Interpreting religious symbols

Alan Bennett’s 2011 diaries begin with typically drôle observations:

6 January. The alterations we have been having done are now pretty much finished, thanks to Max, a young Latvian who’s unsmiling but an excellent carpenter and Eugene, much jollier and from New Zealand who has supervised it all. Walking around the job this evening R. is shocked to discover in the bathroom above the bath a crudely made wooden cross. He takes this to be the work of Max who, scarcely out of his teens, already has two children and is, I imagine, Catholic. R., whose feelings about religion are more uncompromising than mine, finds the cross disturbing and is determined to ask Eugene to tell Max to take it down. I’m less exercised by it, seeing it as some sort of dedication, the sort of thing (though more crude) that a medieval workman would have put up at the completion of a job. We are both of us wrong as when Eugene is approached he explains it is not a cross at all but a makeshift coat hanger he has rigged up over the bath in order to dry his anorak.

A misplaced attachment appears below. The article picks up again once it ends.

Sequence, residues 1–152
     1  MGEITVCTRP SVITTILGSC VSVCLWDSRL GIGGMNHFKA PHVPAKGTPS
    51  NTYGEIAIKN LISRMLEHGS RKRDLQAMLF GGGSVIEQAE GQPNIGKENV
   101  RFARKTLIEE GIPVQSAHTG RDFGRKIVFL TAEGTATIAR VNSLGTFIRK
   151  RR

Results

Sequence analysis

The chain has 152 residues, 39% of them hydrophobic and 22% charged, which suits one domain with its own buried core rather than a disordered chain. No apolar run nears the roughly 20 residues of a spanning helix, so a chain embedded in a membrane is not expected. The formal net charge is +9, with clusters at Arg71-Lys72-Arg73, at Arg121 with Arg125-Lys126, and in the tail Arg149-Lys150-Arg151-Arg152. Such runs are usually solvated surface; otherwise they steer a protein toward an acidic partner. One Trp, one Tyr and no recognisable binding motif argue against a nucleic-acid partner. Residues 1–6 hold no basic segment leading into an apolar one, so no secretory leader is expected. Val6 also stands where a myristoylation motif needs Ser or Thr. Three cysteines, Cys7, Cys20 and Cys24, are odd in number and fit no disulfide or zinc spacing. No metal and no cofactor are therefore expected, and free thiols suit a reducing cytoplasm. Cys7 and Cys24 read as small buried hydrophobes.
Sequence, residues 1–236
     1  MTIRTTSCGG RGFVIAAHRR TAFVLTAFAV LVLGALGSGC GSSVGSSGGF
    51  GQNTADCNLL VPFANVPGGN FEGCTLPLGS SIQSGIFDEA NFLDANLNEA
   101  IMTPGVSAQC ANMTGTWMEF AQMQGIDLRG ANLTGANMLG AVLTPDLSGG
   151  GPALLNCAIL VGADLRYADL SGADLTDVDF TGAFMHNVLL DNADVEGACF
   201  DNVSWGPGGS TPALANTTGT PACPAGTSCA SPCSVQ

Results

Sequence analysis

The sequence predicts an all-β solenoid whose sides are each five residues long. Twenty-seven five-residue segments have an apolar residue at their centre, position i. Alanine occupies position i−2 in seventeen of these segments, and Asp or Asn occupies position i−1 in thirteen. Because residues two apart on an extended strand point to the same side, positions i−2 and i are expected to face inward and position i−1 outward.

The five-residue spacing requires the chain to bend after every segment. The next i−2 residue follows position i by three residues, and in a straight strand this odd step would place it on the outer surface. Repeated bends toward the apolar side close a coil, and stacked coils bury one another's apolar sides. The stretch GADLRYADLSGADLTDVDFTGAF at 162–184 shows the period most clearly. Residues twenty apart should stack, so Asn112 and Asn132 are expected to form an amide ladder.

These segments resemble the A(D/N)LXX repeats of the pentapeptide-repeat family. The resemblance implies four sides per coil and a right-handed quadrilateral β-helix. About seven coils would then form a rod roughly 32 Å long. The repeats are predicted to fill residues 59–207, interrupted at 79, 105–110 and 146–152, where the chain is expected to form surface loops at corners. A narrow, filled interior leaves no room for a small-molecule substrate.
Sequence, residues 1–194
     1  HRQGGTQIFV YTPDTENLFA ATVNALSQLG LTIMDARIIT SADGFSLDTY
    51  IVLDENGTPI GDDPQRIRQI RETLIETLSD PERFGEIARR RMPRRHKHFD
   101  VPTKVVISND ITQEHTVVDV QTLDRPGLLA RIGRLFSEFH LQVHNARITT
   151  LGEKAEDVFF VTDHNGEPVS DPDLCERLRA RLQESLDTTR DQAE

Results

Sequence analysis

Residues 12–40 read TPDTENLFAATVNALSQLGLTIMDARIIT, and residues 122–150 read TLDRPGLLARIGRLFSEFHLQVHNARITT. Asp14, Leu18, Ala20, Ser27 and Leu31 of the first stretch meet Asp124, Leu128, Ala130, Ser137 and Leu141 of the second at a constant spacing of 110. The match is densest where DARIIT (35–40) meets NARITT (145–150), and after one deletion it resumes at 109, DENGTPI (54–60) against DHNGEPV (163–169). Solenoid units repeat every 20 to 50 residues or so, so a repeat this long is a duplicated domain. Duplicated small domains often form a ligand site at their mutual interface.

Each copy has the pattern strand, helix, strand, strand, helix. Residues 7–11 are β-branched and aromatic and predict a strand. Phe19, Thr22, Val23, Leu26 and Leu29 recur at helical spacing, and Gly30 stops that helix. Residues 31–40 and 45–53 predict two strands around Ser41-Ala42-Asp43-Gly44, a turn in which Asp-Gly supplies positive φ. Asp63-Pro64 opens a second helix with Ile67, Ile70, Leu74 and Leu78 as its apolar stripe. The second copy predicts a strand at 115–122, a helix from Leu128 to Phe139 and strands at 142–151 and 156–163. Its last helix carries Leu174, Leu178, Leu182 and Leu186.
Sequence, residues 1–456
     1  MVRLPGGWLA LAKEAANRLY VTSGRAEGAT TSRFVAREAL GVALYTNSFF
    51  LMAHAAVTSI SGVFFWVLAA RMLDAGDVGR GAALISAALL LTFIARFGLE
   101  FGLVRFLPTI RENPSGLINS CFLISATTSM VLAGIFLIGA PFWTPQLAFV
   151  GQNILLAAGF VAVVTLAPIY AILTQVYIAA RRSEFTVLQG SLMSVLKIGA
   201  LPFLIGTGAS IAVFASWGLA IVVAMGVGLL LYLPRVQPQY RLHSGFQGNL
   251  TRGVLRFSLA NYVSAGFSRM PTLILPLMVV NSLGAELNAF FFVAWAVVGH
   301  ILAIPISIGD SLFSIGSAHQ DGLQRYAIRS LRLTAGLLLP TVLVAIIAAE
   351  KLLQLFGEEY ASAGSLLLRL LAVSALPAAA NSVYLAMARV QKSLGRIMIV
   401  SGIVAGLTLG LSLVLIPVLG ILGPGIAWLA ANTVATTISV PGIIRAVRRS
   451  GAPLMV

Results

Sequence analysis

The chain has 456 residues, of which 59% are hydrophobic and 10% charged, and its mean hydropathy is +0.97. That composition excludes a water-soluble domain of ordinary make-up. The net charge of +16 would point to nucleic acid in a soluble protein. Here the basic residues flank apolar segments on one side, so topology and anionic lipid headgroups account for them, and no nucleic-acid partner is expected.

And more comments on the behaviour of WAM musos:

 14 January. George Fenton tells me of a memorial service he’s been to at St Marylebone Parish Church for Maurice Murphy, the principal trumpet of the LSO, who did the opening solo in the music for Star Wars. The service due to kick off at eleven thirty, George arrives with ten minutes to spare only to find the church already full, the congregation seated, silent and expectant. It beings promptly at eleven thirty with everyone behaving impeccably and not a cough or a rustle throughout. And he realizes that it’s because they are all musicians and orchestral players for whom this is like any other concert and where the same rules apply.

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